| HBS Working Paper Series
Short-termism, Investor Clientele, and Corporate Performance
Using conference call transcripts to measure the time horizon that senior executives emphasize when they communicate with investors, we develop a measure of corporate short-termism. We find that the measure of short-termism is associated with various proxies for earnings management, suggesting that our proxy partially captures opportunistic behavior. We also show that firms focusing more on the short-term have a more short-term oriented investor base, and fewer analysts issuing long-term forecasts, suggesting that corporate and capital market short-termism are related. Moreover, consistent with analytical models that emphasize the costly nature of short-termism, we find that short-term oriented firms exhibit lower future accounting and stock market performance and a higher implied cost of capital.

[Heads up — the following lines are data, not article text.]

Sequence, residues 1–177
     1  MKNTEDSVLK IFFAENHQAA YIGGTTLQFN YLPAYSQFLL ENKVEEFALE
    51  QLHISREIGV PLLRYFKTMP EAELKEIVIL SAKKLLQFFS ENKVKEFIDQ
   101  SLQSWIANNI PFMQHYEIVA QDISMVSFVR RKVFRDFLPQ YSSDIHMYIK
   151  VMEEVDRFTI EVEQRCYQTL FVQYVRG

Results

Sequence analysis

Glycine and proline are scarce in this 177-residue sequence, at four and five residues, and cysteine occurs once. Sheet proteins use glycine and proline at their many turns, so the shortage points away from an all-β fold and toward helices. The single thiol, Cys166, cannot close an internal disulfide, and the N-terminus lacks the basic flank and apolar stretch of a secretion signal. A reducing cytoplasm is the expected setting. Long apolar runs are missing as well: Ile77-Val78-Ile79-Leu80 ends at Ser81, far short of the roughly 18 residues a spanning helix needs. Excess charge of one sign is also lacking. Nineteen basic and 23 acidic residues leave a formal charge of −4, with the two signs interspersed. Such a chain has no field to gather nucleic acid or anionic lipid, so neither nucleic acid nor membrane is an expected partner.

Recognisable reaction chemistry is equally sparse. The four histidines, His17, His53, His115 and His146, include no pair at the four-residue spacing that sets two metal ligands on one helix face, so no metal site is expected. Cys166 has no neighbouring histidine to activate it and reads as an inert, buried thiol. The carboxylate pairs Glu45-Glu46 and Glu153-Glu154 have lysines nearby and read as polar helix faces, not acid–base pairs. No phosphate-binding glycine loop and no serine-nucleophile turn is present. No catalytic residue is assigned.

cost of capital;
Business and Stakeholder Relations;
Cost of Capital;
Risk and Uncertainty;